It's never an easy task to tell an employee that he is being terminated but it may become a necessity if his incompetence, insubordination or violation of company policies are impacting operations and affecting the morale of the rest of your staff. Here are tips on how to make the exit as painless as possible.
Ensure that you have not only thoroughly documented the employee's actions that support termination but have also discussed them with her in person. If you attempt to fire an employee without having given her any warning, it will become a case of "No one ever told me I was doing anything wrong" and could escalate into something very ugly.
Conduct your personnel meetings in private and out of earshot of other employees. Even though they may all be aware of the fact that there is a problem brewing, the purpose of your meetings is not to humiliate or embarrass an employee who is already treading on thin ice.
Give the employee a reasonable timeframe (such as 2 to 4 weeks) to turn things around. In addition, give the employee a chance to explain if there are extenuating circumstances or distractions affecting her ability to perform the duties of the job (i.e., a recent death in the family, a child having trouble in school, etc.). In the presence of a rep from your HR department, have the employee sign a copy of the evaluation as proof that she understands what she needs to do in order to improve her job performance and attitude.
Place a copy of the signed evaluation in the employee's personnel file.
Monitor the employee's behavior and attitude over the agreed upon time frame.
Have paperwork prepared in advance of the firing in the event the employee fails to meet the performance standards you have set. If the employee has unused vacation or sick leave credits or will be receiving any benefits and severance pay, these things need to be explained and available during the termination process.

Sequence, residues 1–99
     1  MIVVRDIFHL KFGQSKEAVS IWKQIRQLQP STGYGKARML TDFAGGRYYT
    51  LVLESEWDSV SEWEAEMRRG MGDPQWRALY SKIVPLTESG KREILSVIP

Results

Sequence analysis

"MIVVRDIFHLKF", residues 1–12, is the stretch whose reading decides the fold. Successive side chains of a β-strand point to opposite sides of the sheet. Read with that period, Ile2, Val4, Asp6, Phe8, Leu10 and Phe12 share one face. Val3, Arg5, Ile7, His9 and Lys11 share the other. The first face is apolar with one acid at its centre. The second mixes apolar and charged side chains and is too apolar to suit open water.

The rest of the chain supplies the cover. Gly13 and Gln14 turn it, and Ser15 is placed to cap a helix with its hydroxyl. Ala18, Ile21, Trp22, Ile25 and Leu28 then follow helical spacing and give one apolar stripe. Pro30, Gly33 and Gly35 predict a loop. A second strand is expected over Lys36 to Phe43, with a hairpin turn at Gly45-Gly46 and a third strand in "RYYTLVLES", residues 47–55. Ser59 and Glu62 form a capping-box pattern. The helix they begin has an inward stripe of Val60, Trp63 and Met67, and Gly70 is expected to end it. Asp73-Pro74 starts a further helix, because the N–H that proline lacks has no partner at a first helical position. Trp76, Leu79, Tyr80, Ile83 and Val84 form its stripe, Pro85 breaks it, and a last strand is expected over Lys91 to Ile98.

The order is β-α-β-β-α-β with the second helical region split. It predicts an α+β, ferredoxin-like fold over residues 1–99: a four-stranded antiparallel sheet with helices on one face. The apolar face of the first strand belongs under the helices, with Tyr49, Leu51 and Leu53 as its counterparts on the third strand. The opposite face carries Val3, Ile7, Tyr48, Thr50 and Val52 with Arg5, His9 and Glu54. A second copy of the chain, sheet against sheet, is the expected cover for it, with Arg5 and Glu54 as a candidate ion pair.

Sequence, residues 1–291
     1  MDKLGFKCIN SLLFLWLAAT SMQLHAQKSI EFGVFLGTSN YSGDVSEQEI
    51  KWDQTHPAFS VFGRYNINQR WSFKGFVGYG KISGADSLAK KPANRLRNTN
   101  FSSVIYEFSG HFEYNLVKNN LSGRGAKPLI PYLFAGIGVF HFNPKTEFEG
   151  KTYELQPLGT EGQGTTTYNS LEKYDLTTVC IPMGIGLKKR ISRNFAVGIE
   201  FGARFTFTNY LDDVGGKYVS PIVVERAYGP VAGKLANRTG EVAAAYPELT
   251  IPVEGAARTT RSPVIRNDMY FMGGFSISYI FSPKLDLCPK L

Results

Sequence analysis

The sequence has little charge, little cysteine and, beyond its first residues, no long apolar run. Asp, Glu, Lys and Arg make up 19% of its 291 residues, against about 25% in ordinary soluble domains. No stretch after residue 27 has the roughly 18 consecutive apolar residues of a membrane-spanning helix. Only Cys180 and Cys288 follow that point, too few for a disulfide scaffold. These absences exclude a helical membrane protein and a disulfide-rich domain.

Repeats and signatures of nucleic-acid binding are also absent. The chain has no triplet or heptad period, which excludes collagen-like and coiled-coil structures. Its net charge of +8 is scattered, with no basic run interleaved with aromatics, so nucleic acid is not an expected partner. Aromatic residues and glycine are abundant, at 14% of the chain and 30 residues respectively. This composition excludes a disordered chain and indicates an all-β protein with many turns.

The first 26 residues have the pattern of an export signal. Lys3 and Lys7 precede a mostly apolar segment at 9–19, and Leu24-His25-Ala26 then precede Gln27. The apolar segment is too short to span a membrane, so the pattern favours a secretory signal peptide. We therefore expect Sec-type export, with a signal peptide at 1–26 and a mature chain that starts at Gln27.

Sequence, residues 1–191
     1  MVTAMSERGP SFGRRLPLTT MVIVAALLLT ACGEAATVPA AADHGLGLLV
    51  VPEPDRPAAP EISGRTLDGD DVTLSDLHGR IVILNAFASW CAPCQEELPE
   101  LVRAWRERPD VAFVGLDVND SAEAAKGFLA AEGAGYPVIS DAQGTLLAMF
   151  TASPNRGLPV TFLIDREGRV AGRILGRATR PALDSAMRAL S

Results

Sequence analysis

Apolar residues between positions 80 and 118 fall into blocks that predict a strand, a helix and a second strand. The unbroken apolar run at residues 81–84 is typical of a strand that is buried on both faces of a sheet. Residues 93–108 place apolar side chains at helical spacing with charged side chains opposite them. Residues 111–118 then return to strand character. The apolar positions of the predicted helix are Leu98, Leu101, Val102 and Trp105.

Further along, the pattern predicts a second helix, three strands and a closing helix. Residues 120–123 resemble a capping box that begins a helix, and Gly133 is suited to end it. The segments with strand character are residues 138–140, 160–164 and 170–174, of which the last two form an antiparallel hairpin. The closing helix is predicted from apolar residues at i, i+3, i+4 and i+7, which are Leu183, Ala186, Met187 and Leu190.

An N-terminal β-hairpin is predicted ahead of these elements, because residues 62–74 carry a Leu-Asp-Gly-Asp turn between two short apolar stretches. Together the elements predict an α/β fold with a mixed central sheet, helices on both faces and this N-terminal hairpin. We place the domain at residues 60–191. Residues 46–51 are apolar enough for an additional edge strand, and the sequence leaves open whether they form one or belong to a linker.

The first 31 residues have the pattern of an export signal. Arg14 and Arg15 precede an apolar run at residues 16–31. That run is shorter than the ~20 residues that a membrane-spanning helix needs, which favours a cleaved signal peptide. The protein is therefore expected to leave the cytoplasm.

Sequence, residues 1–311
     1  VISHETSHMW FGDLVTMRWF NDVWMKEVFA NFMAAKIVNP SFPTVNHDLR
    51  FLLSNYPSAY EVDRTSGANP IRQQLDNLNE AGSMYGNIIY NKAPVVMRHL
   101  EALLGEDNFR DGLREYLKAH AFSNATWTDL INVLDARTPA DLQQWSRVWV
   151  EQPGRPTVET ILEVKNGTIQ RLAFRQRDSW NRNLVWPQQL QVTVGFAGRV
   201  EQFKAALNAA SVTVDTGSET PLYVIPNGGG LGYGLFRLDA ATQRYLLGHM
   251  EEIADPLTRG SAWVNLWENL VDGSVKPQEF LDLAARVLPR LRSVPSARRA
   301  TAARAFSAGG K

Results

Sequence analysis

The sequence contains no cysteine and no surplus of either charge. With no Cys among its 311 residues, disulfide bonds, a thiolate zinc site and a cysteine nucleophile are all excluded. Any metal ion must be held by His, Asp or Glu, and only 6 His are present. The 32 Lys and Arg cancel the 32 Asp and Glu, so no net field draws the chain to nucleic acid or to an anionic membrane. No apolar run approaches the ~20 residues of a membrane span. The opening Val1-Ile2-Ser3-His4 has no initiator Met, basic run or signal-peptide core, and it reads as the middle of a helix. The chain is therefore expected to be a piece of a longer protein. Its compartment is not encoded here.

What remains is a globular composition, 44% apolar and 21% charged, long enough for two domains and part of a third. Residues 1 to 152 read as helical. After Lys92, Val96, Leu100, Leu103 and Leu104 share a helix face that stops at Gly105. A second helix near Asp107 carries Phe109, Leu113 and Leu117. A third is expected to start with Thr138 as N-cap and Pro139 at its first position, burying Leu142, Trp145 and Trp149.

Schedule the termination meeting at the beginning of the day or at the beginning of the week and have your HR person in attendance. The mistaken belief that a Friday afternoon will give an employee the weekend to calm down and adjust to his firing has often had the opposite effect, with the two most dangerous results being suicide or returning to the office on Monday with a weapon.
Keep your announcement brief, clear and firm. If you don't, the employee will mistakenly assume that he is being given a chance to talk you out of your management decision and into another extension of his review period.
Explain the date and time the termination takes effect. In most cases, this will be at the conclusion of the meeting so as not to allow an angry employee the chance to sabotage your operations, steal data or supplies, or converse with other employees.
Thank the employee for his service and assure him that anything that has been discussed regarding his termination will remain confidential. Wish him well and, if advised to do so by your company attorney, explain what will be said if you are asked for references by future employers.
Collect all keys, computer pass cards, ID badge, corporate credit cards and anything else the employee has previously been assigned in order to access the building and its contents.
Arrange to have the employee escorted to her work space to collect personal items and then be escorted to the door.
Reassign the employee's duties to existing staff until such time as you are able to hire a replacement.
Squelch the office rumor mill by simply saying that the employee is no longer working there. They needn't be given any details about the termination.
Be fair but firm. No one likes to play the bad guy but the bottom line is that an employee who isn't pulling his weight is sending a message to the rest of your staff that they, too, can start slacking off without any repercussions. Don't be swayed by sob stories; your only job was to be their employer, not their personal counselor. Secret scribbles don't count in building a case against someone. If they are doing something wrong or inappropriate, it does them no good if you're keeping it all to yourself and then presenting them with a lengthy laundry list of faults. When you first hire someone, you should always provide them with an employee manual of job performance standards and company policies (i.e., no surfing the Internet on company time, no personal phone calls except if it's an emergency, etc.). Have the employee sign a document stating that he has received the manual and agrees to read and adhere by its contents. Being up front about your expectations will make the process much easier in the event you later have to fire someone for breaking the rules.
In Step 3, make sure the employee is aware that termination can occur at any point during the review period. Otherwise, an employee could assume that he has been granted a reprieve and is guaranteed a job for the next 2 to 4 weeks regardless of his performance. Never fire someone the day before a major holiday or a three-day weekend. It's even worse than firing someone on a Friday afternoon.